Tuesday, November 15, 2022

This is Not How NATO Works

 I spent part of this afternoon being interviewed by television outlets about the missiles that hit

Poland today and NATO might do.  This is one time where TV is going to get it much more right than the newspaper.  Why?  Because the major paper of record in Canada got it spectacularly wrong:



FFS!  NATO is a collective organization--one country cannot wave a magic wand and shout "Accio alliance!  Tada, Article V is invoked!!!"  Nope.  What any country in NATO can do is call a meeting so that the alliance could consider invoking these famed article.  A5 is the "an attack upon one is equal to an attack upon all."  The Dave and Steve book on NATO explored how obligatory that is (it's not) and what explains how countries behave when asked by the alliance to do something.  

But getting back to that attacked thing: it only counts as an attack that deserves a collective response if a consensus among the members.  Everything at NATO operates by consensus--no one is ordered to do anything by any specific country or any sub-group of countries.  This means there is a lot of lowest common denominator kind of decisions with opt out clauses (did you read the Dave and Steve book yet?).  

So, one of the first things Poland (or anyone else seeking to invoke A5) has to consider is: can they get consensus?  If not, don't ask because it is more than a bit embarrassing to ask and then be denied.  Ask Turkey about that.  It is kind of like going up for Full Professor when you don't know what the result will be--it only ends in pain and sadness (and moving which then leads to joy).  Can Poland get damn near all of the alliance (Greece or Hungary or Turkey can agree not to be too disagreeable but not support the decision and then not deploy troops)?  Um, no.  France, Germany, and Italy, to name a few obvious, more powerful members, have been just a wee bit ambivalent all the way along, and they certainly don't want to be involved in a shooting war with Russia.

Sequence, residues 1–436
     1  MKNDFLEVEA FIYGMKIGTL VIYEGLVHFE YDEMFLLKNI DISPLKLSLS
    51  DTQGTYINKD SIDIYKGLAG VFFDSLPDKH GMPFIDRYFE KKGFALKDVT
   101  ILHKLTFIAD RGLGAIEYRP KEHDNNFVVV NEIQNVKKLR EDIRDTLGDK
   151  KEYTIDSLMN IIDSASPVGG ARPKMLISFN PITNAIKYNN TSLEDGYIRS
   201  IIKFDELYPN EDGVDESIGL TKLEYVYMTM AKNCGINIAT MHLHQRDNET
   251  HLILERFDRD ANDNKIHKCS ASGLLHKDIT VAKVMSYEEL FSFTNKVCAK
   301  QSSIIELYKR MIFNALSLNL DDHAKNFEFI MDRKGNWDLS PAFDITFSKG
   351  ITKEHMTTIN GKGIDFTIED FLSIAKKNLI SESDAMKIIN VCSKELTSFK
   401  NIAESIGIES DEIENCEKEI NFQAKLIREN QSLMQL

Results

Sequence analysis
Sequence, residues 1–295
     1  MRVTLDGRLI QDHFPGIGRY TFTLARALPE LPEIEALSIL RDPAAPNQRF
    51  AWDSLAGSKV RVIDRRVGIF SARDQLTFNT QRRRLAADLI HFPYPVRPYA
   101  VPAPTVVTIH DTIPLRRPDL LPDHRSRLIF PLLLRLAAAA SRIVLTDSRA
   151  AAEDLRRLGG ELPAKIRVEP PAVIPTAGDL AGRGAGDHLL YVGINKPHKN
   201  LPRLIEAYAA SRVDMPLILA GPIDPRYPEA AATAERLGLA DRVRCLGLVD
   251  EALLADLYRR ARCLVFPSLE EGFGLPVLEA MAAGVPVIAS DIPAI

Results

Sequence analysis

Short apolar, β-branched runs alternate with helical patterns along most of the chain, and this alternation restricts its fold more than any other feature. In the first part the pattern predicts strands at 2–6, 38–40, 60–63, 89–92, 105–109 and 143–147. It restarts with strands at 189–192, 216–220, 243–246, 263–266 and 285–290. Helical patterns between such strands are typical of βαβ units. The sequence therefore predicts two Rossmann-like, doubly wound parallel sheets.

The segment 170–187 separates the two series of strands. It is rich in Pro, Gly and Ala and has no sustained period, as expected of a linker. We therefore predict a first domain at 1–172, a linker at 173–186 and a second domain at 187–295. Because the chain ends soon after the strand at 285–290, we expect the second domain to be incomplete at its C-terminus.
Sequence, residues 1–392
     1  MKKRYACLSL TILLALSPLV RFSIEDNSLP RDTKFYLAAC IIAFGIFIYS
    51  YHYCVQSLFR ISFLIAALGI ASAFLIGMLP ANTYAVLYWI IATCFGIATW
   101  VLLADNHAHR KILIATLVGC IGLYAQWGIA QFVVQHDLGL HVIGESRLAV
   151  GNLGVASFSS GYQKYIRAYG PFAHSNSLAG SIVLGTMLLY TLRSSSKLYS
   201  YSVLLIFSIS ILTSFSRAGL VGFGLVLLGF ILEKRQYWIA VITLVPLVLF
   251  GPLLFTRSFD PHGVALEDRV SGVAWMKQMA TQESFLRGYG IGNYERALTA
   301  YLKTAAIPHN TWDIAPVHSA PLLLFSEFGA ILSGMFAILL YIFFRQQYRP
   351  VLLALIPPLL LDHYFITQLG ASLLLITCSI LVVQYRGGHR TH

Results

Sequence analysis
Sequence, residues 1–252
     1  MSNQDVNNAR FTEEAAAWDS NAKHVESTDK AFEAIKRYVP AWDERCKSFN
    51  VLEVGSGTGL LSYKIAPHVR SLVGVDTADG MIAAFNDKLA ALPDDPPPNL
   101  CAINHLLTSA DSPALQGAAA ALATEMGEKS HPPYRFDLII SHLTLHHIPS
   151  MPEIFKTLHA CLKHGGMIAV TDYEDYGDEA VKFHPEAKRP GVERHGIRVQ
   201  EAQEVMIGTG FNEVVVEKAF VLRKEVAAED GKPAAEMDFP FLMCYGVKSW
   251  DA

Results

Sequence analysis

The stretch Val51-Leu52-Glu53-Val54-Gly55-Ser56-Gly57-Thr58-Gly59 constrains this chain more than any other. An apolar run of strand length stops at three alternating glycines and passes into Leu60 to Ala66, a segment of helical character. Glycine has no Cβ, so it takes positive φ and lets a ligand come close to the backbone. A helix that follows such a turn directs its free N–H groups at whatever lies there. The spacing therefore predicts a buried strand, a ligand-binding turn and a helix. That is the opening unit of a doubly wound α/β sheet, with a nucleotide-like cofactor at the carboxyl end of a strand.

One of the other things Poland has to consider is: would A5 be good for Poland?  Um, no.  Because if NATO would go to war with Russia, which is what invoking A5 means, that would mean that Russia is no longer restrained from attacking the supply lines leading from the West to Ukraine through ... Poland.  

The existence of A5 in the treaty is working--for both the alliance and for Russia.  Until today, after nine months or so of war, Russia had refrained from hitting any NATO country and specifically Poland.  And today was probably an accident.  An accident that may have been made more likely by a loosening of Russia's rules as they hadn't attacked border cities all that often.  But Kherson and other developments may have changed the risk calculus for Russia.  Anyhow, A5 has been good for NATO's eastern members as it has restrained Russia.  It has also been good for Russia since it has restrained NATO from engaging in direct violence.  

So, no, Article 5 is not going to be invoked.  Article 4, which is a way to indicate the need for serious discussions against a threat, will be.  Poland will get reinforcements as will other NATO allies, Ukraine will get more anti-aircraft equipment, but Ukraine will not get what it wants for an early Christmas present--a NATO intervention.  This would be great in the very short term, but might also lead to nuclear war, which would be bad for a very long time.  As I said at the start of this, rule #1 of avoiding nuclear war is for nuclear powers not to fight each other directly.  India and Pakistan have made us all very nervous.  US and Russia have stuck by rule number one, and that is not going to change now.

So, as I told CBC Kids last month, no, Virginia, there will not be a nuclear war.  

But then again, some elements of the media want to scare folks for sales and market share and ratings, I suppose.  For shame, Globe and Mail, for shame.  

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